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Swansea tidal project torpedoed over costs

Words: Roger Milne
Tidal Lagoon

The UK Government's refusal to back the Swansea Bay Tidal Lagoon has caused outrage in Wales, where Monday’s (25 June) decision was panned by business leaders and Welsh politicians.

The £1.3 billion project was designed to act as a pathfinder for other tidal lagoon projects around the UK, including two others in Wales: one in Cardiff Bay and across Colwyn Bay in North Wales.

First minister Carwyn Jones complained: “The UK Government’s short-sightedness and complete lack of ambition has thwarted this project, which could have positioned the UK as a world leader in a new global industry. Despite our serious offer to help the UK Government make this proposal work, they are letting this opportunity slip through their fingers."

Swansea Council leader Rob Stewart said the government had made a huge mistake. "The tidal lagoon is a once in a generation opportunity to create a new industry and provide renewable, tidal energy for the UK. 

"It's a game-changing project that would create 1,000 jobs during construction and almost 200 full-time jobs. As a pathfinder project Swansea would pave the way for an entirely new industry where Wales and the UK would be a world leader.

"The UK Government has spent 18 months on this decision and after all that time they have made the wrong call.

Stewart said he was working closely with the Welsh Government, other councils and partners to find alternative ways of delivering the project.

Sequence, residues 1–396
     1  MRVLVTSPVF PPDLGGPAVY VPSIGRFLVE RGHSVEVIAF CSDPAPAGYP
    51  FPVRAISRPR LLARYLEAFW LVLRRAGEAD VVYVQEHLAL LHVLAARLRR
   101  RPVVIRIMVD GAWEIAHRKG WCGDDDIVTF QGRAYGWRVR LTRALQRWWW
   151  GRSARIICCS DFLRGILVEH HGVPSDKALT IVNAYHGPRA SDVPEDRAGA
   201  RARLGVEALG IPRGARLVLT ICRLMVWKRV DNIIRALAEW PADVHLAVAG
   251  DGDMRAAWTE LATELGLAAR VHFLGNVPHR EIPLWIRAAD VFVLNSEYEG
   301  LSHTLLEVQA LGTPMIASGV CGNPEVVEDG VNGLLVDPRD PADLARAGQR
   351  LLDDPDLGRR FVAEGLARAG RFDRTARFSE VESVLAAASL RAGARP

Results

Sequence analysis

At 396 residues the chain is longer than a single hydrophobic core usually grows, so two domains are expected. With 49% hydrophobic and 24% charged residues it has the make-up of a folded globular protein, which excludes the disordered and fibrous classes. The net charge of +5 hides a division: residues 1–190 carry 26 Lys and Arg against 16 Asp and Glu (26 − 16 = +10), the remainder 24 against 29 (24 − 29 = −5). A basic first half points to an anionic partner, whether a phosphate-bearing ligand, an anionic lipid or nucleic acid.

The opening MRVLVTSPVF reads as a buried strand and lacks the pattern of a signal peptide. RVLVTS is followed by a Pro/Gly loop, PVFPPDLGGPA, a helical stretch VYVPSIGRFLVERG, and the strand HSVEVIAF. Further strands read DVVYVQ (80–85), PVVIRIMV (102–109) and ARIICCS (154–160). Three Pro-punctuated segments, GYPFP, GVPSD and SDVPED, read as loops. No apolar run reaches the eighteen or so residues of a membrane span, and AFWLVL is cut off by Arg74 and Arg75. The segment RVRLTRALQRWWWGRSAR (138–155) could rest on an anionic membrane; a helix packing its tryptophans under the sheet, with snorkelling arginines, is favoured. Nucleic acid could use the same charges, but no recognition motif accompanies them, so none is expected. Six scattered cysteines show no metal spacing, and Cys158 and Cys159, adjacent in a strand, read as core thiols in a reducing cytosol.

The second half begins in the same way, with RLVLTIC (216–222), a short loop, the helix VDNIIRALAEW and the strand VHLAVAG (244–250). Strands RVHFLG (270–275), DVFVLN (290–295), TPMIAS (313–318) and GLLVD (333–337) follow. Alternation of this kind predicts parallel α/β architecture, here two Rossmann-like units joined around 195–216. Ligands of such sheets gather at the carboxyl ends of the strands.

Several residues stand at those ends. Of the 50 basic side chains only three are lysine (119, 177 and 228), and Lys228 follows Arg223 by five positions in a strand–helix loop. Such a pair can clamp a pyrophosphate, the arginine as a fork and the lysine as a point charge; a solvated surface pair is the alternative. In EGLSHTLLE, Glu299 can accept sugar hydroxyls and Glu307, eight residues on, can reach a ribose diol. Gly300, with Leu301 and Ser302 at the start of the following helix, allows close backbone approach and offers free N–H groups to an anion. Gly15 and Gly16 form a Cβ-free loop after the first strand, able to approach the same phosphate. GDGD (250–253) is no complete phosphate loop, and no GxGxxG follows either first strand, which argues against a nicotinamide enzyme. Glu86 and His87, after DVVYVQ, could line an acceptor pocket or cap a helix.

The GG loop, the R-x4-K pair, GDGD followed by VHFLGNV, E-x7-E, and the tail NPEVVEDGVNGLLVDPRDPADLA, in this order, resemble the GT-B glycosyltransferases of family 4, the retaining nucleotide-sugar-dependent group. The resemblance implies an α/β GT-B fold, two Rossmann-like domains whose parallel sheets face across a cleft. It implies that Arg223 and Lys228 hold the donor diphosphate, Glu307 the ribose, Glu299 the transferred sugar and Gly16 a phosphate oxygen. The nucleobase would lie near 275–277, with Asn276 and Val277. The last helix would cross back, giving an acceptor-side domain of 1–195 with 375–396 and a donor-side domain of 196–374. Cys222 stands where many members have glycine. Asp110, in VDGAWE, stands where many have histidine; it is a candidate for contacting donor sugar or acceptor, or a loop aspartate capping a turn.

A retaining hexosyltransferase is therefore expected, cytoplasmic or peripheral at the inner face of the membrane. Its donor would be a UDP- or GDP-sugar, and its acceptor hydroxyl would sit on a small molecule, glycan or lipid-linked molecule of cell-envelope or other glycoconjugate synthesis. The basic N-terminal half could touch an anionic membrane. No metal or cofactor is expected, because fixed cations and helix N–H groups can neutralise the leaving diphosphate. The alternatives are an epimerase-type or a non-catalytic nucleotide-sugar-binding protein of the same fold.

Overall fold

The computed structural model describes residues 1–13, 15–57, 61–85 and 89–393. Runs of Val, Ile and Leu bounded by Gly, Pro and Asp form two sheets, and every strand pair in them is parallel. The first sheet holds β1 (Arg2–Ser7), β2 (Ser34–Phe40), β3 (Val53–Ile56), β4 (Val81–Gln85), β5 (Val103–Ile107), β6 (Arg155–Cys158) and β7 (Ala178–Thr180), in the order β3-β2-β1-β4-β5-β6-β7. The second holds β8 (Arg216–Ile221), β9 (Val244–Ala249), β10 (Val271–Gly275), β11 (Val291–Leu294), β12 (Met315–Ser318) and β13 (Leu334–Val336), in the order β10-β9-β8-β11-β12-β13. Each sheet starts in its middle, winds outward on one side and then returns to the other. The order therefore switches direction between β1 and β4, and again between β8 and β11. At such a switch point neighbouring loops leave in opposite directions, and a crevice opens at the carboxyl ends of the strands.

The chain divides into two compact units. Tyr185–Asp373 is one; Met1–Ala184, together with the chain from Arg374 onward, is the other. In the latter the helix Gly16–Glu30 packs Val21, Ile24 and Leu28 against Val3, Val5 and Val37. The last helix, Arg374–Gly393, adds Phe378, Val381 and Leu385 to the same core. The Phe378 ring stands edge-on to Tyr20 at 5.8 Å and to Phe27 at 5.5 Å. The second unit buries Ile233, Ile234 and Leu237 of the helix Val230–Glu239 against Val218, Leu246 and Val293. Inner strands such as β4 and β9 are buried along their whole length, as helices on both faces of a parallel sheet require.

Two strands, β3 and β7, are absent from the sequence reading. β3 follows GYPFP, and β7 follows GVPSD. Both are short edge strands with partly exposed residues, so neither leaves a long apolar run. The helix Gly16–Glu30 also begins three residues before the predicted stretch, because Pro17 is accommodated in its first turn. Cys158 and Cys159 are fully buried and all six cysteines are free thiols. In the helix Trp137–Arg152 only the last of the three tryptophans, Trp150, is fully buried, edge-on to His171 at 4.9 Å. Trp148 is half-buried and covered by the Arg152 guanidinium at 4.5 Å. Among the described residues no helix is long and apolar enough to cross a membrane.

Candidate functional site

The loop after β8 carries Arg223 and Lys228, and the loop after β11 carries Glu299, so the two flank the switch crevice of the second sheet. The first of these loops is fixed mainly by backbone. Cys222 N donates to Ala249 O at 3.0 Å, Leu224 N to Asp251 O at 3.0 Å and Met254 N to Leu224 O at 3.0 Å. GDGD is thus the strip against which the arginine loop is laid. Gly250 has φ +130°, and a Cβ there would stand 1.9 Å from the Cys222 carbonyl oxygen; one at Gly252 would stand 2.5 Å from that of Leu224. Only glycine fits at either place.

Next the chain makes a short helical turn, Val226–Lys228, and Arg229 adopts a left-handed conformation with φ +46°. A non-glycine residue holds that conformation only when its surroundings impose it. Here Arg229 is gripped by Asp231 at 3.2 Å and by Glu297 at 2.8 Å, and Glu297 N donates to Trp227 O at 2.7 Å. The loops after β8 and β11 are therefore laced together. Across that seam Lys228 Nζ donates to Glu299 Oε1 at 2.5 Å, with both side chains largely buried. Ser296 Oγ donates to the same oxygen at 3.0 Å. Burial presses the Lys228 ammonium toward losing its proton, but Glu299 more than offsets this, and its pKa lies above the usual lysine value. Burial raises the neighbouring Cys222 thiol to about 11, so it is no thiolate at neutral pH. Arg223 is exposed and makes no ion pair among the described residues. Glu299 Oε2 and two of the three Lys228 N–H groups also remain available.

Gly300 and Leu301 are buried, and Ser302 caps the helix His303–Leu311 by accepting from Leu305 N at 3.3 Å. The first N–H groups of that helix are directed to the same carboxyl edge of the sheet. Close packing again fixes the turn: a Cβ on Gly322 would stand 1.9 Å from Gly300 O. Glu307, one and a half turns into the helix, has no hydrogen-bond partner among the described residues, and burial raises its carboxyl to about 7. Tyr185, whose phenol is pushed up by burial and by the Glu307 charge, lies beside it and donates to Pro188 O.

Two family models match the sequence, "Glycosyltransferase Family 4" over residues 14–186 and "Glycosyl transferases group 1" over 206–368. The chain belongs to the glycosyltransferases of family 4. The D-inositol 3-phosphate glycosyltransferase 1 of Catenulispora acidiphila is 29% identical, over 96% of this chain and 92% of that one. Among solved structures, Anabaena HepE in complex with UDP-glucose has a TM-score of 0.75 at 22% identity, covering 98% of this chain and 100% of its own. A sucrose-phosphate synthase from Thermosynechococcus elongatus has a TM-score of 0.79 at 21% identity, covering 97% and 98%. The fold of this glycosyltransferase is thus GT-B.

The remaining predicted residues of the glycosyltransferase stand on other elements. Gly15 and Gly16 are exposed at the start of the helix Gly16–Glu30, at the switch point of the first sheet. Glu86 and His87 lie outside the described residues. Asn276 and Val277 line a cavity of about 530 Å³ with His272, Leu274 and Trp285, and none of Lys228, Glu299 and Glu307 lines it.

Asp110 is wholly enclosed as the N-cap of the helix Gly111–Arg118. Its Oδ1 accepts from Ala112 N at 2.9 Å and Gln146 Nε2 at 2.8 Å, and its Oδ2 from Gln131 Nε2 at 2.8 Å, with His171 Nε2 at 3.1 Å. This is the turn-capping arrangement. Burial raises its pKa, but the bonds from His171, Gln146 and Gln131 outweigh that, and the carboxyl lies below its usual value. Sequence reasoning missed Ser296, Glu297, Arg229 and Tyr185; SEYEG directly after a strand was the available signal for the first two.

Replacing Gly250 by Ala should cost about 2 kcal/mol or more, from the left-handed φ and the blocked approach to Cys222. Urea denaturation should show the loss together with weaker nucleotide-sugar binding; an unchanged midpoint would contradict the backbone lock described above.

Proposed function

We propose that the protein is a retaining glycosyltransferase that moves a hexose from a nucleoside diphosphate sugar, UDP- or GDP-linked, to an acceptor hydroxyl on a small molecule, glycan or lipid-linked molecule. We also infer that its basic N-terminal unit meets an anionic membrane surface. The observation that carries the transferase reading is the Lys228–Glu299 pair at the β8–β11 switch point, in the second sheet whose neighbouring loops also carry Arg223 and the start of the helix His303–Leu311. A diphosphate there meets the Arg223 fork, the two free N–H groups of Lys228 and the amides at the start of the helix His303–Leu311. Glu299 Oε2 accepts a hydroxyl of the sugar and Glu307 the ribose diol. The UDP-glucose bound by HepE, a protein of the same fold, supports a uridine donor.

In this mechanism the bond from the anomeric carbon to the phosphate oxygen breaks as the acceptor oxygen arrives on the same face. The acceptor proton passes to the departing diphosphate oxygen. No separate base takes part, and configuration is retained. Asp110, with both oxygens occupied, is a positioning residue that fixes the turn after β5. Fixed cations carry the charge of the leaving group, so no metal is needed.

Business secretary Greg Clark told the Commons this week that “the programme of six tidal lagoons, the first of which is Swansea Bay … does not meet [government] requirements for value for money".

He said the government's calculations suggested the scheme would be significantly more expensive than generating the power through wind turbines or nuclear.

Tidal Lagoon Power, the company behind the projects, disputed the government’s assessment of the economics of tidal generation.

Mark Shorrock, its founder and chief executive, said: "This is a vote of no interest in Wales, no confidence in British manufacturing and no care for the planet. Justified through a faux concern for consumers who would readily invest in a British tidal power industry for today and for future generations."

Clark insisted the UK Government wasn’t closing the door on all tidal energy projects. “Far from being against tidal technology, I am in favour of it, but a value-for-money case has to be presented. We will continue to be open to proposals that can demonstrate such a case,” he told Welsh MPs.

The Swansea scheme has been on the drawing board for most of this decade and had secured a development consent order from the government. However, the scheme still needed an environmental licence from Natural Resources Wales.

Image credit | Swansea Bay Tidal Lagoon